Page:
The leaders of France and West Germany warned today that a Soviet intervention in Poland would end detente, but Chancellor Helmut Schmidt reportedly declined a French suggestion that Western nations start drawing up a catalogue of reprisals to be taken if Moscow invades Poland.
To maintain East-West stability, Schmidt and President Valery Giscard d'Estaing said after a two-day summit meeting, the Soviet Union, like the West, should avoid seeking unilateral advantage.
Their appeal for moderation and restraint appeared to be directed mainly at Moscow, and a balance of power was emphasized instead of detente. But other points in the communique seemed aimed at members of the Reagan administration who have talked in terms of restoring an overall U.S. strategic preponderence by new nuclear and other military programs.
While pledging whatever defense efforts are needed to maintain an East-West balance, the two men -- using language described as deliberately ambiguous by a diplomat -- deplored any attempt to start a new arms race or achieve military superiority. In private, Schmidt repeated his preferred formula for desirable Western strength -- "second to none" -- a conference source said.
Dangerous trends in the Polish crisis apparently dominated the two leaders' talks, the latest in a series of biannual summits under the 1973 French-German friendship treaty.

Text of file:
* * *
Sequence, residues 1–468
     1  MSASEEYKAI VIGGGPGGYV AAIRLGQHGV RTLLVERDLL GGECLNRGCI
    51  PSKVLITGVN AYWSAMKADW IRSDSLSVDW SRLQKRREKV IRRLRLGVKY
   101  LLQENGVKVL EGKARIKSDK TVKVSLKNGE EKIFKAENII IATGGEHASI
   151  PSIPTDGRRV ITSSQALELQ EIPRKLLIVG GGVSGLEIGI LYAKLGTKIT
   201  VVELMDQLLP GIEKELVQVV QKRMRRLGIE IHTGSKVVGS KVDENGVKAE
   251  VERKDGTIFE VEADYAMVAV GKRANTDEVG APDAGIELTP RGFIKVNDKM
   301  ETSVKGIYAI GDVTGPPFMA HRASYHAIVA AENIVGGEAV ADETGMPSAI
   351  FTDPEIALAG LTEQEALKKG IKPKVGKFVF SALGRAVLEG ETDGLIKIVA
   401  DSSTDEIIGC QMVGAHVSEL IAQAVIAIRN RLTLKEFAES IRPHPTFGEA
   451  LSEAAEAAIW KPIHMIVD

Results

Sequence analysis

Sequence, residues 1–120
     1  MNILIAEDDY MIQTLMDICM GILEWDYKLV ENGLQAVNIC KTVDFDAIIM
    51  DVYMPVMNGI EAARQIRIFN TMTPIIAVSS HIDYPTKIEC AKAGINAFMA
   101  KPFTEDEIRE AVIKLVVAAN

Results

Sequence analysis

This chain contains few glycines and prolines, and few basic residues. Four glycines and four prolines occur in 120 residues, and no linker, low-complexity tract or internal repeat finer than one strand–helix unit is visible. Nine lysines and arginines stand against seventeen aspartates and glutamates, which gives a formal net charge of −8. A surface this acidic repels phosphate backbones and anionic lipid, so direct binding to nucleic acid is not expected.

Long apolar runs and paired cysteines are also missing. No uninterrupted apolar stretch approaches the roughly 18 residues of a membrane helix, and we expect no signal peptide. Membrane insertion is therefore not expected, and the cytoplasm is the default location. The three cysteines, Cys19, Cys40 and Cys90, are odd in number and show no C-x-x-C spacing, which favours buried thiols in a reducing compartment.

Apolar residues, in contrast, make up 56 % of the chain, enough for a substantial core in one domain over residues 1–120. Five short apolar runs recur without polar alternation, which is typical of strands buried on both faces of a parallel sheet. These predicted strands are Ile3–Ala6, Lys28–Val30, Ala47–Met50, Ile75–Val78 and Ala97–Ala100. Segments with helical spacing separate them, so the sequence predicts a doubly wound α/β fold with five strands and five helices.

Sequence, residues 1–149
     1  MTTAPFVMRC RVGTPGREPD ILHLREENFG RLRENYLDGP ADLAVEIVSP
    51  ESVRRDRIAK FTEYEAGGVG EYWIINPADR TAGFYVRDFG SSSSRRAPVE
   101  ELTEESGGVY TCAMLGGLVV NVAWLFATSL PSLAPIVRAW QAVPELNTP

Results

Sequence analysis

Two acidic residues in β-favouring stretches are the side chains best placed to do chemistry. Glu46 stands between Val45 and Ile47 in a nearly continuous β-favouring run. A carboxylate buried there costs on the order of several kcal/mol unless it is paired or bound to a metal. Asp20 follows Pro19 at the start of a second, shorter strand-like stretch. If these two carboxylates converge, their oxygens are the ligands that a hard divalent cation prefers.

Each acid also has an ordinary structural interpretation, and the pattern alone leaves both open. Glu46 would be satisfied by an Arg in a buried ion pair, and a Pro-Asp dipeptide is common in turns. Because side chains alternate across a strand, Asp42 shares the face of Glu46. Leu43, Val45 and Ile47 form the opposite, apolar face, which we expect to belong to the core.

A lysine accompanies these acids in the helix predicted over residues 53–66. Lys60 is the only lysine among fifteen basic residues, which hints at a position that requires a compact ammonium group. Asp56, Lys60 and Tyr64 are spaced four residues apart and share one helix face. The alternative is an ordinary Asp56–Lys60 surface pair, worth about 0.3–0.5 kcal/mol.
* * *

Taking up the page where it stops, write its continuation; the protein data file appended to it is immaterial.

In an explicit warning to Moscow, the final communique said: "It is essential that Poland should be able to solve it serious problems on its own in a peaceful manner and without external interference." It repeated a French-German view, stated after the Soviet intervention in Afghanistan, that detente could not survive another shock like that.
But in the two leaders' talks, Schmidt reportedly clung to a less pessimistic prognosis that Giscard about the probability of a Soviet crackdown in Poland.
Moreover, Schmidt, a politician conscious of how much West Germany and his own party stand to lose if exchanges are cut with East Germany, also remains reluctant to start committing his government in advance to post-invasion scenario, conference sources said.
Giscard, in contrast, who has toughened the French line in recent months, expressed concern about Moscow's overall military buildup and specific signals on Poland, the sources said. They added that the French leader suggested that Western governments should make national contigency plans for sanctions if Moscow moves on Poland.
This difference in approach appeared to provide some confirmation for earlier press reports that Bonn and Paris did not see eye-to-eye on the Polish crisis, a matter confirmed by conference sources.
Nevertheless, both were careful to display a solid public front, partly to enhance the European bargaining position in the first contacts with Reagan administration, diplomats said.
In their efforts to define a European political role and to help salvage a workable political climate in an atmosphere of crumbling detente, the two leaders set out what they called essential conditions for stability.
One was the sharing of world responsibility. In practical terms, this means improved transatlantic consultations, diplomats said.
A second condition was a balance of security. The two leaders pledged to meet defense needs, but also called for renewed arms control efforts. The last condition was moderation, especially as it applied to Poland and Afghanistan.